From safety to security: Extending norms in outer space full report (PDF)
The pandemic and DND’s public service mandate By Ernie Regehr
This Canadian defence policy briefing paper was written for The Simons Foundation.
"Public awareness of Canadian Armed Forces’ (CAF) aid to civilian governments and agencies hasonce again come to the fore in the context of the Covid-19 pandemic. Military assistance to civil authorities is routine in Canada and variously includes emergency help in law enforcement, humanitarian relief, natural disaster recovery, and search and rescue. From the earliest days of the present pandemic, critically important CAF resources have been mobilized. An emerging question is whether these core civilian support roles, for which there is increasing demand, should be elevated for priority attention in military planning, training, and procurement, or whether they should continue to be treated as spin-offs from the primary combat-readiness focus of the Armed Forces."
View "The Pandemic and DND’s Public Service Mandate" on The Simons Foundation website.
Leadership for navigating uncertainty by Liz Weaver and The Civic Canopy
This paper was written in response to the COVID-19 pandemic.
"Given the scale of disruptive forces unleashed by the global pandemic, the social movements which inspired action to respond to racial justice and the economic shockwaves that have followed, the need for effective leadership has risen to the forefrontin profound ways. This paper attempts to draw upon the growing literature around leadership models and applies it to the current context based on what we are observing in communities, states, and provinces across Canada and the United States."
Leadership for Navigating Uncertainty (PDF)
Killer optics: Exports of WESCAM sensors to Turkey by Kelsey Gallagher
Killer optics: Exports of WESCAM sensors to Turkey by Kelsey Gallagher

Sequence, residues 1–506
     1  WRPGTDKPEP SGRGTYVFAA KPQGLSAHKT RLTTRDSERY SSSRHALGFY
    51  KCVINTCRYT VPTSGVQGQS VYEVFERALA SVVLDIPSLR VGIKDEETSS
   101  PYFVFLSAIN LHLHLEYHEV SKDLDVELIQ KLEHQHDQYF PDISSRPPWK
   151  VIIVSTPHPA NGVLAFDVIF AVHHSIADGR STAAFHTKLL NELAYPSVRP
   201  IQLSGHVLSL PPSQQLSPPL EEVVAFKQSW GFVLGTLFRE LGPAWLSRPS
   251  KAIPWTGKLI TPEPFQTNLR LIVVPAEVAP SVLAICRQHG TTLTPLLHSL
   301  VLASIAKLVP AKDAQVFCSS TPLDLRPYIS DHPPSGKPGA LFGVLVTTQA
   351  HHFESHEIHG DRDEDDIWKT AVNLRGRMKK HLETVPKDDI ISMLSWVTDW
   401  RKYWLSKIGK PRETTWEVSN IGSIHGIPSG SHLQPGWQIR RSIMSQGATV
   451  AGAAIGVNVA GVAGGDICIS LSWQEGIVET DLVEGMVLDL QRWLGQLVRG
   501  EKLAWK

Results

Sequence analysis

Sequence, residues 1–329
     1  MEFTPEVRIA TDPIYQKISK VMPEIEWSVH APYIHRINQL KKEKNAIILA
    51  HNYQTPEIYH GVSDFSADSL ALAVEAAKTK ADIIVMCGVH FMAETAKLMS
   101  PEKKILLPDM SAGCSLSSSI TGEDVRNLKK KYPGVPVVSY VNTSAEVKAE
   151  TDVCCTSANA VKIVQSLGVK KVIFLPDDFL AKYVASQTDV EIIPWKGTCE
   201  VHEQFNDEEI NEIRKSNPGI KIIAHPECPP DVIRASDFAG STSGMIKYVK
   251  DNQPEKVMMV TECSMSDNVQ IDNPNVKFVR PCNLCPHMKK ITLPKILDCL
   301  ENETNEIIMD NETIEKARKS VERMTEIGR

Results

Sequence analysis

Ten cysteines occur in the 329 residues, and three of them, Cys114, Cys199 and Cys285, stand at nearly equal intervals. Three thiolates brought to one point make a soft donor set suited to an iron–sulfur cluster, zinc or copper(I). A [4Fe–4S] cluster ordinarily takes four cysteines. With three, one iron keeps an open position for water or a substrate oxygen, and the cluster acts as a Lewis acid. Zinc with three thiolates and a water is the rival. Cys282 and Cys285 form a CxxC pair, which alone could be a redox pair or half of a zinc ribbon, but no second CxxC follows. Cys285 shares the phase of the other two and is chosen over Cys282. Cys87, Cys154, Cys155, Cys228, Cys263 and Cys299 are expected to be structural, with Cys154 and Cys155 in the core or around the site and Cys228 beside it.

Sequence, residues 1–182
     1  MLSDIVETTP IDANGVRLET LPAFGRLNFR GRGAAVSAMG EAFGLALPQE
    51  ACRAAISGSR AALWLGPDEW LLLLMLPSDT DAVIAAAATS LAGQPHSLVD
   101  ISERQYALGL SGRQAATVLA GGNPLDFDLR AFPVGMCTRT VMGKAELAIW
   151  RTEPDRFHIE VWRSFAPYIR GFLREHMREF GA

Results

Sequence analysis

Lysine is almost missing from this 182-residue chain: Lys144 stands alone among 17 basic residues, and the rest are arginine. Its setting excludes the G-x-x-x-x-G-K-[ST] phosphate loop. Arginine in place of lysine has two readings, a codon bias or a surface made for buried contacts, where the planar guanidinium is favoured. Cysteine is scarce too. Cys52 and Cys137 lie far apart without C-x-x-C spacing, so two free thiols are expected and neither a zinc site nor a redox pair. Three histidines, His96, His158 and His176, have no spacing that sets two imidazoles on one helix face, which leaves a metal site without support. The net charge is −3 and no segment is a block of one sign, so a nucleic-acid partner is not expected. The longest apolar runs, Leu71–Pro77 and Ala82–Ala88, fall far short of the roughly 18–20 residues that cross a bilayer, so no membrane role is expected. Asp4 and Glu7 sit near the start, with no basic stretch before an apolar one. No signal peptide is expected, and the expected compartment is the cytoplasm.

This paper is a Project Ploughshares special report.
"Based on an analysis of Canada’s international obligations, domestic arms controls, and an evaluation of Turkey’s recent conduct during warfare, Canada’s export of WESCAM sensors to Turkey poses a substantial risk of facilitating human suffering, including violations of human rights and international humanitarian law. Canadian officials are obligated by international and Canadian law to mitigate the risks of such transfers, including through the denial of export permits, when such risks are apparent from the outset—which appears to be the case with WESCAM exports to Turkey."
Killer Optics: Exports of WESCAM Sensors to Turkey - a litmus test of Canada's compliance with the Arms Trade Treaty (PDF)
Deterrence, arms control, and cooperative security by Ernie Regehr
This collection of selected writings on Arctic security was distributed by the North American and Arctic Defence and Security Network (NAADSN) to advance discussions, that "test assumtions and prompt constructuve policies in support of Arctic peace and security."
“Arctic ‘security’ is ultimately about the safety and well-being of the people of the Arctic – a human security agenda that necessarily engages a broad range of social and economic conditions and policies.” By focusing on military aspects of this broader security agenda in the Arctic, Regehr poses the overarching question: “What are and should be the roles, and limits, of military forces in supporting human security, in strengthening the rule of law nationally and internationally, and in promoting efforts towards a cooperative security regime within the Arctic region?”